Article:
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John Harris has been bumping around the internet for over 20 years. In addition to writing the columns @Play and Pixel Journeys for GameSetWatch and writing several Game Design Essentials columns for Gamasutra, he's an active member of the web community Metafilter, where he writes about all kinds of crazy things. He's spoken at Roguelike Cellebration. Current projects include a cave exploration game using cellular automation and a weird kind of world simulator. John Harris has a MA in English Literature from Georgia Southern University.

8-Bit Obituaries by John Harris

The age of the NES was transformative for video gaming. The console, and its Japanese predecessor, the Famicom, were extraordinarily popular in that time. When a console is that popular, it attracts a lot of people to make games for it. Many of these games are good. Many of them, to put it bluntly, are not.

But it isn't always easy to decide which are which. Some games present many of the warning signs of a bad game, but there's something there, waiting, some might say lurking, for a persistent player to come along, to make them say, if just for a moment, "maybe this isn't so bad after all." And a few games were popular at the time but their stature has fallen, in recent times, as they get proclaimed the "black sheep" of their series.

Come with us on a journey through the Other Half of the NES library. The games that could have been, if they had a better developer, if they had put in just a bit more effort, if someone had cared about their license a little more, if there had been more marketing money to spare, or even if they had been released a little earlier. To find the grime-covered treasures, ignored or even derided by others. And once we've found them, we'll give you a few tips, just enough to get you started seeing the fun hidden beneath all the mud and gunk.

It's not that they're all great games. Some of them aren't even good. But they all have something there, some thing that can be enjoyed, even celebrated. At least you aren't stuck with only one to play until your next birthday.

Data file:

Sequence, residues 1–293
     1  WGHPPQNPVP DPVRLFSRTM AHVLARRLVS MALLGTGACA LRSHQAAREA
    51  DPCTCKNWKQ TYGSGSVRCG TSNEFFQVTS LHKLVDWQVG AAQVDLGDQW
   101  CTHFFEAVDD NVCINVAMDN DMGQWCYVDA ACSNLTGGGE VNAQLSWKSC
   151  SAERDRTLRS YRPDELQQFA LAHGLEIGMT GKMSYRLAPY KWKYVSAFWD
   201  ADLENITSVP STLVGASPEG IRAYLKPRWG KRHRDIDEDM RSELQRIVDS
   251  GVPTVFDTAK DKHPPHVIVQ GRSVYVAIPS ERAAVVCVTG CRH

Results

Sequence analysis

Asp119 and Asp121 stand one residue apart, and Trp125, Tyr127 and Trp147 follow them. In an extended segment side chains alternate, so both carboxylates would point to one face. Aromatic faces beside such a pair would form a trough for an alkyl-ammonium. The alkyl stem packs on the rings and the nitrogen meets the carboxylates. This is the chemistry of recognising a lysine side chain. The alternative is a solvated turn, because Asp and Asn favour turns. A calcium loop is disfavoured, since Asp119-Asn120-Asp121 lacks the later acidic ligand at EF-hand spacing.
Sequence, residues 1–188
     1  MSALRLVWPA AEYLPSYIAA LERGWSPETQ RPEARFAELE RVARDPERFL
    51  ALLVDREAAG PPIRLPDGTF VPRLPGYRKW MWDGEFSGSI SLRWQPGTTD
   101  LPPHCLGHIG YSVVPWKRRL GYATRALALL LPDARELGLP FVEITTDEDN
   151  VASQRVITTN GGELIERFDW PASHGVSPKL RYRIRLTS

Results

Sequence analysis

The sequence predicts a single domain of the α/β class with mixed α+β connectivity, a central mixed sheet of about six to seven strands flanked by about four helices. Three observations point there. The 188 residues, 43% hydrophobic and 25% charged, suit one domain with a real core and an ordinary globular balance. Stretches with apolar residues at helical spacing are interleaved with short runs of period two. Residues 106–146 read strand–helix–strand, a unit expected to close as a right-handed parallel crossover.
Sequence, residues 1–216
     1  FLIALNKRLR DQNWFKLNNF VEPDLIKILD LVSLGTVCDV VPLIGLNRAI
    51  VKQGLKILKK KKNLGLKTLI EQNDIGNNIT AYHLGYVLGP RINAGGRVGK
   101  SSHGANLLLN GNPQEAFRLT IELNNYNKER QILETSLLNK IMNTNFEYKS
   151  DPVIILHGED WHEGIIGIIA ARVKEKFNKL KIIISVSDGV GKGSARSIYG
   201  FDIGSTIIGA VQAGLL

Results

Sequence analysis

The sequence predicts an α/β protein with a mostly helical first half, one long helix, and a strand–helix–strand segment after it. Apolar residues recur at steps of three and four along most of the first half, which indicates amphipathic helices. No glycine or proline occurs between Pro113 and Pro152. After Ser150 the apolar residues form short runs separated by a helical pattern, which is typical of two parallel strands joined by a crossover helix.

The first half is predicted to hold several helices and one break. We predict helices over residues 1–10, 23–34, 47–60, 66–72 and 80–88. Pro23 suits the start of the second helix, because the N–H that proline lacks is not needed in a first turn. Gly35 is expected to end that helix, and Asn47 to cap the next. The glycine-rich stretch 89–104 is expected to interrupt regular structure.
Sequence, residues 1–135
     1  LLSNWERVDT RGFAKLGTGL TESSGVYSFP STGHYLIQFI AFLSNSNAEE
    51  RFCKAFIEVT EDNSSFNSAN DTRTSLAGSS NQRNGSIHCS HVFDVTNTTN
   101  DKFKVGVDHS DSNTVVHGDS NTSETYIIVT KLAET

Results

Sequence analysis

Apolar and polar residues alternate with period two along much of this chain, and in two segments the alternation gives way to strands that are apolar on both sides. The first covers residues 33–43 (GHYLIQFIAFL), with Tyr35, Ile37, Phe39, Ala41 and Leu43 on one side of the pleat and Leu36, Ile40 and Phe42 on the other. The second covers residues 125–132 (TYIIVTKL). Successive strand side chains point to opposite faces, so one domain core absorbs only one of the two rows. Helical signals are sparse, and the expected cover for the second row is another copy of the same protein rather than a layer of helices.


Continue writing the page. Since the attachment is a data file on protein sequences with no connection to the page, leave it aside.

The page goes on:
CURATOR'S NOTE

Over the last 10+ years, online personalities have built a reputation—and, in some cases, a tidy profit—raking old games over the coals. Sure, those games weren't bad, but were they terrible? Historian John Harris puts panned games under his microscope in 8-bit Obituaries to determine if certain moldy oldies deserve the bad rap so many influencers have given them, and turns out another entertaining and thought-provoking volume that readers should add to their collection. – David L. Craddock

 
 

BOOK PREVIEW

Excerpt

When people really hate a game, I mean in a visceral way that makes them fill a blog post with invective directed at it, it's probably because they found it to be hard. People really don't like to be told they suck by a machine, and if they can be sufficiently sarcastic about it, maybe they can convince others than it is, in fact, the game that sucks.

Well I'm not really going to dispute that it's hard, and an acquired taste. Deadly Towers is filled to overflowing with unfortunate experiences and maddening trials for you to experience. There's something to be said for the thought that games these days are much to "frictionless," anxious enough to avoid upsetting players in any possible way that they end up smooth like cooking oil and similar to each other, but to labor the analogy a bit further, Deadly Towers is harsher than sandpaper. It's ludicrous.

Every screen of your journey contains roughly a half dozen different ways to be killed dead dead. A little ambulatory campfire could pin you against a wall and suck out all your hit points in a second. A little blue pile of crud (that's actually its name, crud) lying on the ground could literally writhe the wrong way, and knock you, spinning, clean off a cliff. You could make contact with a bouncing ball, whoops there go all your hit points at once! If you die that way then everyone Heaven is going to call you Beach Ball for eternity. You could be offed by a cloud of random pixels floating by. Or you could merely backtrack through the wrong door, and appear inside a tough monster that you had killed going the other way, because monsters are often parked in front of doors and you forgot that all enemies revive when you change screens.

Sometimes, you're just walking along one of the many narrow treacherous paths, and a little winged, blue rat will zoom along behind you, in a split second, and inflict massive damage. Or knock you into the crumbling edge of the path, and kill you that way. Or knock you into a Deadly Beach Ball. Or send you backwards into a floating demon minding its own business. You know what happens when you get sent backwards into a floating demon? Spoiler warning! Here it is in ROT13: lbh qvr.*

* "You die."